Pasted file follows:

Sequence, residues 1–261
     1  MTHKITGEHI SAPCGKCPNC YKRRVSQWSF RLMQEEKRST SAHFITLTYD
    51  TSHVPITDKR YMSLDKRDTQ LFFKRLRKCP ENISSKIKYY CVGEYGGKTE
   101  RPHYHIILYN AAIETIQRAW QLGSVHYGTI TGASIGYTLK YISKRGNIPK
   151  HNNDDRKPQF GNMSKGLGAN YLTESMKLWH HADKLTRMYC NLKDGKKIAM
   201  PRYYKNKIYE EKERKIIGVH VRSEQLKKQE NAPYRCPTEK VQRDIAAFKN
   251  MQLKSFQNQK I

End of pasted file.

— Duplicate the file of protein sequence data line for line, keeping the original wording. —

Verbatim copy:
Sequence, residues 1–261
     1  MTHKITGEHI SAPCGKCPNC YKRRVSQWSF RLMQEEKRST SAHFITLTYD
    51  TSHVPITDKR YMSLDKRDTQ LFFKRLRKCP ENISSKIKYY CVGEYGGKTE
   101  RPHYHIILYN AAIETIQRAW QLGSVHYGTI TGASIGYTLK YISKRGNIPK
   151  HNNDDRKPQF GNMSKGLGAN YLTESMKLWH HADKLTRMYC NLKDGKKIAM
   201  PRYYKNKIYE EKERKIIGVH VRSEQLKKQE NAPYRCPTEK VQRDIAAFKN
   251  MQLKSFQNQK I